“Every episode of Health & Heart features words and wisdom from a faith community leader, especially crafted to help you find peace and inspiration in your serious illness healthcare journey, including people with serious illness and those who care for them. No matter your spiritual belief or identity, these podcasts are meant to offer you different paths toward kindness, peace of mind, and diverse understanding.”
The Coalition to Transform Advanced Cares has a 6 episode podcast that provides spiritual support and encouragement for those facing serious illness, caregivers, and cliniciansListen on Apple Podcast, Spotify or use the link in the title to access all 6 episodes!
In Dream Nation Love, “Alica speaks about grief and gives advice on end-of-life experiences. Through Alica I found out that ashes contain sharp shards. Something I didn’t know before. We also talk about the way we handle grief in the workplace.”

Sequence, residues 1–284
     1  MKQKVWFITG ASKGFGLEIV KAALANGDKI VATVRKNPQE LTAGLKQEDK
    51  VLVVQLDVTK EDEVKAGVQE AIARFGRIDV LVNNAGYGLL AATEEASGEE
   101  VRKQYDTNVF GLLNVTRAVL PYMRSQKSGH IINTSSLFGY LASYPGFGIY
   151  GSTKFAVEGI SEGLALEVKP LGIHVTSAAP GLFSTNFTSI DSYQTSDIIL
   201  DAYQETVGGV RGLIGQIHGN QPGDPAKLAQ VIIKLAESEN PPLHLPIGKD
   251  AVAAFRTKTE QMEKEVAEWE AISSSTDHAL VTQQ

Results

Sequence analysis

“What does a good day look like?” That question — when asked of both terminally-ill and healthy people — has transformed Atul Gawande’s practice of medicine. A citizen physician and writer, Gawande is on the frontiers of human agency and meaning in light of what modern medicine makes possible. For the millions of people who have read his book Being Mortal, he’s also opened new conversations about the ancient human question of death and what it might have to do with life.
None of us is prepared to be caregivers — the role is thrust upon us. More than 40 million Americans are caring for an elderly parent or loved one. This episode offers six tips to make the caregiving burden more sustainable.